Ben Callahan:    
All right.

Carl Smith:    
Delete all of them. You know why? 

Ben Callahan:    
Why?

Carl Smith:    
The important ones will come back. Somebody will say, "Did you get that?" And you'll be like, "Ugh, I just got back, you know, it must be buried." Seriously, to-do list and email, I'm notorious for deleting them. I can just say, "You know what, it'll ... If it's important they'll bubble back up." Then again, you're running a successful business, I run a marginal one, so perhaps you know what you're doing better.

Ben Callahan:    
I'm going to remember this next time I send you an email though.

Carl Smith:    
Don't do it man, don't. Send me a direct message on Twitter or something, because the emails, they always just gets lost. Now, you've gone through this experience and you're seeing the benefits of it, how do you hold on to the place you're at right now and not just get sucked right back it to the next sales call or whatever?

Ben Callahan:    
That's a good question, and I don't ... Not having done this before, I don't believe that I know the answer. It's something that I desperately want. We've talked, Rob and I a little bit about, "Hey, what does this look like longterm? You know, is this something that we do every year? Is this something that we do every other year? Is this something that we do every five years? What is this?" We're both similar and that we don't like to put specific process on something until we need to. I know that what we'll decide to do is just play it by ear. 

I think the other thing that's really important is like ... One thing I've learned as I shifted out of the frontend dev role and into more of a leadership role is like I have to model what I expect from my people. It's not enough to just talk about us as an organization carrying about the whole person, it has to be something that is demonstrated. I can talk, and talk and talk about the value of family, and talk, and talk and talk about the value of taking time off and leaving here at 5 or 5:30, like get home, have dinner with your family. I can say those things but if I don't do them it doesn't mean much. 

Rob and I, we call each other on that kind of thing, we want to model it and we expect our employees to do that too. We've introduced some new benefits that, I think you can talk to Rob about this on ways to try and just help develop the whole person and not just make them better at building web stuff, but make them better parents, and spouses, and significant others, and uncles and aunts and all that. If they can be better people they'll be better at their job too. Modeling that is really a big deal. I hope that that's one of the longer term takeaways here is people here at Sparkbox will see that it is something that we take pretty seriously. I don't know if that makes sense.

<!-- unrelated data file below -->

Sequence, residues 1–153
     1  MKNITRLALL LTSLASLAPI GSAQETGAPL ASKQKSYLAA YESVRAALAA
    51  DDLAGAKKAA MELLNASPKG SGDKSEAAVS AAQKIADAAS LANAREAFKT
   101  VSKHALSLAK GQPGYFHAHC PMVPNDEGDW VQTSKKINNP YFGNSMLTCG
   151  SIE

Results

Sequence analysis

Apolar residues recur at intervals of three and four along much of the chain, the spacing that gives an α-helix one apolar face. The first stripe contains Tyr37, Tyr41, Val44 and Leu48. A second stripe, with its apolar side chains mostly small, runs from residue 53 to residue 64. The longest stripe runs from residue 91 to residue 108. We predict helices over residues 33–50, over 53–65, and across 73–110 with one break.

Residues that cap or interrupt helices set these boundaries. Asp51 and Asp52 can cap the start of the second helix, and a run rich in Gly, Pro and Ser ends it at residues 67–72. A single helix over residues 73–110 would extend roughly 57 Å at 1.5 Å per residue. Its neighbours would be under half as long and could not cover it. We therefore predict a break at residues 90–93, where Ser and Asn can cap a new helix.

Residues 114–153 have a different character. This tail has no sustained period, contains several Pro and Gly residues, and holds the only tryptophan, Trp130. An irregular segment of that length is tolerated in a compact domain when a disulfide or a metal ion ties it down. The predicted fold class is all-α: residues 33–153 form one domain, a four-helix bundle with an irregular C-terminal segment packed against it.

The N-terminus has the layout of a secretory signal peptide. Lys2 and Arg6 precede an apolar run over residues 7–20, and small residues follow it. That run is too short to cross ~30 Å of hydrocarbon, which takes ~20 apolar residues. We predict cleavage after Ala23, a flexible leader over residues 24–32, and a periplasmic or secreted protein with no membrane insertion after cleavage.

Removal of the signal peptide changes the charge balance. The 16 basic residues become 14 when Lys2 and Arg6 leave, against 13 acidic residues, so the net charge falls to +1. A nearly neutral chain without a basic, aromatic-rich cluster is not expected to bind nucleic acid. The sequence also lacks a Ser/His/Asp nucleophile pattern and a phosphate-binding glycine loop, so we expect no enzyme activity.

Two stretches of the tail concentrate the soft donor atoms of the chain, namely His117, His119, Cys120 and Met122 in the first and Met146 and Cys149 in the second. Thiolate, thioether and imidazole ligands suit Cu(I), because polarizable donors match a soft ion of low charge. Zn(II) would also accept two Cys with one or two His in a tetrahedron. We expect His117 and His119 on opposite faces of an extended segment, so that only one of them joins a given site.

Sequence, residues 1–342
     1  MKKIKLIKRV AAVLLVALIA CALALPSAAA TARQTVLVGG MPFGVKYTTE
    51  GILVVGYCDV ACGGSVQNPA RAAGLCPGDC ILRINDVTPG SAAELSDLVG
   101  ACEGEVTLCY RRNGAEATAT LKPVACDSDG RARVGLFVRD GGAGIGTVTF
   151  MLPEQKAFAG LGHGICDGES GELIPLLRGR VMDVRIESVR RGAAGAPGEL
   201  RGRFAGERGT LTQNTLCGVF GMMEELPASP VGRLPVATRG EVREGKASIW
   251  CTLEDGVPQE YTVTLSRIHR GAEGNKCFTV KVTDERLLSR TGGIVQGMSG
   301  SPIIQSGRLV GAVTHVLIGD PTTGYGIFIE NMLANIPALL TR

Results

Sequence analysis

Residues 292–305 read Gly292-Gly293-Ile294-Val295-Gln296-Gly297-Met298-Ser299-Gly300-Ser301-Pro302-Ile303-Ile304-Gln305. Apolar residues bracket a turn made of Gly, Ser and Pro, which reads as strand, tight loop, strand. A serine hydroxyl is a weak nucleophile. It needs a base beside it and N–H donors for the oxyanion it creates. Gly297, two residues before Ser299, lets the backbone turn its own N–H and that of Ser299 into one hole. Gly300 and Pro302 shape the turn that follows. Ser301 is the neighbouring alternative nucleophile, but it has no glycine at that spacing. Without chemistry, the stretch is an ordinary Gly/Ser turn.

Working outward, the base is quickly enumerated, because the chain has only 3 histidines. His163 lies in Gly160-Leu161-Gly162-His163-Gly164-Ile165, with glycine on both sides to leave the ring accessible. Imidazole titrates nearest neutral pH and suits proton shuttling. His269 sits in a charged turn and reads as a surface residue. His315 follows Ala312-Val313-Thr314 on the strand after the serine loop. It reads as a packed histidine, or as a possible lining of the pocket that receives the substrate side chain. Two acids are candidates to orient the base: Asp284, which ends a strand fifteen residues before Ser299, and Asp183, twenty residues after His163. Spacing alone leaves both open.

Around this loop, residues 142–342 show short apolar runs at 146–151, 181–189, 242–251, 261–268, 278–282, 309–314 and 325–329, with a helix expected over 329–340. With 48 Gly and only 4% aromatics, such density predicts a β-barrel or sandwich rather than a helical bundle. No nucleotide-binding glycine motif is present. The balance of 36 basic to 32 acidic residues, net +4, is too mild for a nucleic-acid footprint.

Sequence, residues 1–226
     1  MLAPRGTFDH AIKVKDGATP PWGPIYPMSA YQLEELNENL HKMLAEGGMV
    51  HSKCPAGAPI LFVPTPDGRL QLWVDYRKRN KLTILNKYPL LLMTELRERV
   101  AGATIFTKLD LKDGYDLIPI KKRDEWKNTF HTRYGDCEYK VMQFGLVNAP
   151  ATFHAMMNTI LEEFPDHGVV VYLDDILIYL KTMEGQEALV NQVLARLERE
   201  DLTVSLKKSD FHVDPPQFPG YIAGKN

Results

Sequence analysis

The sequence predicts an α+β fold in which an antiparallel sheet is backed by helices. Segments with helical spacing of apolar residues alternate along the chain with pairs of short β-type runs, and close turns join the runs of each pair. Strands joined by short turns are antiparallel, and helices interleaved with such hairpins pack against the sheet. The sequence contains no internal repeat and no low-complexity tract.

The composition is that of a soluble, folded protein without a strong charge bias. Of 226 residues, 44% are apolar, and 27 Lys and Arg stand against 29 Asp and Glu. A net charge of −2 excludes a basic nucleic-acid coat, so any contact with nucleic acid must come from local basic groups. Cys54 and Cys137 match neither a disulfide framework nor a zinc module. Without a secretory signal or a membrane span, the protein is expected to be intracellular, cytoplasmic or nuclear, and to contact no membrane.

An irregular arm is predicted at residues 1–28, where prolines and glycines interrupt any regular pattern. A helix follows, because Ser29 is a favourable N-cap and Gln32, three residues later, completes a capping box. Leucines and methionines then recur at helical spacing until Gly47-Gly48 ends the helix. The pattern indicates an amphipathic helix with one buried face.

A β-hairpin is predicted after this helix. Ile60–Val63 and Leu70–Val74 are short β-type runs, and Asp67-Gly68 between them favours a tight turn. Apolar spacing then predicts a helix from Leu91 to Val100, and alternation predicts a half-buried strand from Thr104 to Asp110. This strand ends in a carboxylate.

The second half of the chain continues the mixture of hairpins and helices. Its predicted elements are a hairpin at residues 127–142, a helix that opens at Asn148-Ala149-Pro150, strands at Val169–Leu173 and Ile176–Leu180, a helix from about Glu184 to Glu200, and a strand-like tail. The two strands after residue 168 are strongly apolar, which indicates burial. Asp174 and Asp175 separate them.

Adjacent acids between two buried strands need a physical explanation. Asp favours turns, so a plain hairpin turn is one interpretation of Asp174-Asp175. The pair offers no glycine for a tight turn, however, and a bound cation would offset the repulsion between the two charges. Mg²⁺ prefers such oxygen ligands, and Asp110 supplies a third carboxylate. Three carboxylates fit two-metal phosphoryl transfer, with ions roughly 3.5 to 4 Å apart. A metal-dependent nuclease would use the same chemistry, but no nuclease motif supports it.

Carl Smith:    
No, it makes perfect sense and that's the value. Again, I'm in Jackson, Florida, you're in Dayton, Ohio, we're not necessarily those cultural meccas or those huge centers. I think a lot about the way we run our shops is what adds the value, it what makes people appreciate where they are, and want to work hard and protect the gift that they have and where it is that they work. 

Ben Callahan:    
Yes. 

Carl Smith:    
I've got one final things, we're coming up on time here, but I've got one final thing I want to ask you. What that is, is now that you are super calm, Ben Callahan just back from sabbatical, what do you want to say to slightly frantic, I've really got to figure out a solution for this Ben Callahan three months from now.

Ben Callahan:    
You're going to play this back for me later, aren't you?

Carl Smith:    
Yes.

Ben Callahan:    
I think it's like the priority thing, it's like remember what's important. There were a lot of frantic things happening, the last day that I was here right before I left, a lot of things. A lot of those frantic like things happen while I was gone, and you know what, they happened and things kept moving. It's almost like that humbling feeling that it's like, "Hey, you're not as important as you think you are, you know. Like the world is going to keep spinning even if you're on sabbatical, Ben." Just letting go of some of that worry.

Carl Smith:    
Yes, I think that's great. Just realize it's going to get done or it's not, but either way you're going to keep moving forward.

Ben Callahan:    
That's it man.

Carl Smith:    
Ben, thank you so much especially for carving out some time when you just got back. I really appreciate it and I know everybody listening to The Bureau Briefing appreciates it too.

Ben Callahan:    
My pleasure man.

Carl Smith:    
Alright everybody, we will see you next week. Until then, hey, get back to work would you?